Buying insurance has never been easy, but there’s one piece that won’t be a problem for anyone – no one will get a rejection notice. No matter who you are, where you live or what your past health problems have been, if you want to buy health insurance, no one will be turned away. And you will pay exactly what everyone else of your same age, tobacco use, family size and location pays. In other words, you won’t pay more regardless of your health. Just like those sketchy commercials you see on daytime TV claiming “no health questions” – except this is real.
Newspaper series targets N.C. Rural Center • Montana governor may run for Senate • With FEMA gone, could Texas help town of West? • Google floats a new idea for Internet access.
Justin Jin for The New York TimesFormer farmers working on a park built over farmland in Chengdu, where the local government is razing villages and farmland on the outskirts of the city to make way for urban development.
The most e-mailed story out of The New York Times Sunday night was a long report about China's efforts to move 250 million people from rural communities to cities. The effort will either "set off a new wave of growth or saddle the country with problems for generations to come," writes Ian Johnson.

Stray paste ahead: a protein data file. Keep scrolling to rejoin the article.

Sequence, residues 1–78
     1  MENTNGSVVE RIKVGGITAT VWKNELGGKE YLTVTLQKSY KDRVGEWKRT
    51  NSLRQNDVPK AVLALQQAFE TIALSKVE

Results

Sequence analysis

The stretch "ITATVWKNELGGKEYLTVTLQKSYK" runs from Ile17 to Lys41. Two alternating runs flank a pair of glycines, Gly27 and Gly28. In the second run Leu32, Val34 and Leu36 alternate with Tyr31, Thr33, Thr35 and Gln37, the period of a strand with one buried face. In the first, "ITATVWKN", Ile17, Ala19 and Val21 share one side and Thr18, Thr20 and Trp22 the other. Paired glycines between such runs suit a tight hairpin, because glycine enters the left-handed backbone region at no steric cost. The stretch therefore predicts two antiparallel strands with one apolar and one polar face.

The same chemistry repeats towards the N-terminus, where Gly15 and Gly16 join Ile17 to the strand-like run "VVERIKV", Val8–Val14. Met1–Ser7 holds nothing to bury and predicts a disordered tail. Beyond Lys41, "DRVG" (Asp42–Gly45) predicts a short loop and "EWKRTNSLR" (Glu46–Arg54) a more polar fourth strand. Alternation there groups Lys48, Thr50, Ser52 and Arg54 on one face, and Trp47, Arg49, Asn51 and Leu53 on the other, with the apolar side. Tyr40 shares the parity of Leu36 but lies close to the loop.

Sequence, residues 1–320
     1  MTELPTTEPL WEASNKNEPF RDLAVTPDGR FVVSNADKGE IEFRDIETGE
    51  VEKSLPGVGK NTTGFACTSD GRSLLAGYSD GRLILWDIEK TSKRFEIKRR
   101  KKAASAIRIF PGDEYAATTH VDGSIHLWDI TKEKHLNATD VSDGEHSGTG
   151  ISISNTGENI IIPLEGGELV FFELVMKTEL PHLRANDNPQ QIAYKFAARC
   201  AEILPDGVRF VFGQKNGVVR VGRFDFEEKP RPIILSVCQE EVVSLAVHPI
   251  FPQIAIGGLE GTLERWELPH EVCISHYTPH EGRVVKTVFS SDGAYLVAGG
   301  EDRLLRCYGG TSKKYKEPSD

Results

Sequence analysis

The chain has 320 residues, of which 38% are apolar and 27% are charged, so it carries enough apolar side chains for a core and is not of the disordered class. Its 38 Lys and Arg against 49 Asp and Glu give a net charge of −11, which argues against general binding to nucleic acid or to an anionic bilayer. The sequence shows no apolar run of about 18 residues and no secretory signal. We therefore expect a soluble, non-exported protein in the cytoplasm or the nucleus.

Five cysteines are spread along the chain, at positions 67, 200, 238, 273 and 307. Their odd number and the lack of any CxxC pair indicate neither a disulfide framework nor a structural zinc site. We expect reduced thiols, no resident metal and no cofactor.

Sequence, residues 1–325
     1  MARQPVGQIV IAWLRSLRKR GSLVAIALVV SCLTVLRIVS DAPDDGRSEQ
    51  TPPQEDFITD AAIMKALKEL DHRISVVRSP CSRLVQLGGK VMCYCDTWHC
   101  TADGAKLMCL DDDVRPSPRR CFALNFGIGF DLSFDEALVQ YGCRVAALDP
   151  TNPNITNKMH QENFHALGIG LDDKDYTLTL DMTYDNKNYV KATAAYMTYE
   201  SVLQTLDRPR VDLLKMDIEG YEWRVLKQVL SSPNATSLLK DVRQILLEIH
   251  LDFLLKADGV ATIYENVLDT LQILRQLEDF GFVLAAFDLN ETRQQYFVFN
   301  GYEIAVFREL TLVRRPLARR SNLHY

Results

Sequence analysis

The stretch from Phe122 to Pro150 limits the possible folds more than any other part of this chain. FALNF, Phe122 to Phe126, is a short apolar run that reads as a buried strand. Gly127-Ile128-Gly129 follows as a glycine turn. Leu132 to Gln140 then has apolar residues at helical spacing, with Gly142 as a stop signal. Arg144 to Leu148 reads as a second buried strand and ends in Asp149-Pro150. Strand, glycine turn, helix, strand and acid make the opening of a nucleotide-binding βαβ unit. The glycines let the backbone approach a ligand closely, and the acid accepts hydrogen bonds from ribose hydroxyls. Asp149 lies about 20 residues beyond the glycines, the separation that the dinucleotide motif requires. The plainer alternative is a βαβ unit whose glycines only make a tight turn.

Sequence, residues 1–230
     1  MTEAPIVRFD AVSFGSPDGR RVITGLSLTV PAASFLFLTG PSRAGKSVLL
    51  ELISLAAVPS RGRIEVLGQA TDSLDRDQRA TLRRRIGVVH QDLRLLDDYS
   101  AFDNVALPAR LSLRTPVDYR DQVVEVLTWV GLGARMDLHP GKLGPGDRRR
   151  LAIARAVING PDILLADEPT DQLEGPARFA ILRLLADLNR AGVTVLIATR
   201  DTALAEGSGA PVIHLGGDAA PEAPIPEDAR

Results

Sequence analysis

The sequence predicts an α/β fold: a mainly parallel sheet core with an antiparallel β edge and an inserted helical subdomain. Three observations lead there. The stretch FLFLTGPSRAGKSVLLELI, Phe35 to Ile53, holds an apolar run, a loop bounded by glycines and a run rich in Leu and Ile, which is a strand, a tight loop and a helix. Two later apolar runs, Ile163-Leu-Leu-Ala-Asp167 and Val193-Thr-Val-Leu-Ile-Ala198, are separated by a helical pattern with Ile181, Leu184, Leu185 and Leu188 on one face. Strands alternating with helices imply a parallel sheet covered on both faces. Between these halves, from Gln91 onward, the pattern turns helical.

Residential towers are going up all over the country to house farmers who are being moved off the land. The state owns the land, so nothing is taken. But ways of life are being altered totally.
The full story is amazing and you should read it, but here are some quotes that tell how huge -- and ominous for rural China -- this effort of social engineering is and will be. Here is the theory China is working on, according to Johnson:
The primary motivation for the urbanization push is to change China’s economic structure, with growth based on domestic demand for products instead of relying so much on export. In theory, new urbanites mean vast new opportunities for construction companies, public transportation, utilities and appliance makers, and a break from the cycle of farmers consuming only what they produce. “If half of China’s population starts consuming, growth is inevitable,” said Li Xiangyang, vice director of the Institute of World Economics and Politics, part of a government research institute. “Right now they are living in rural areas where they do not consume.”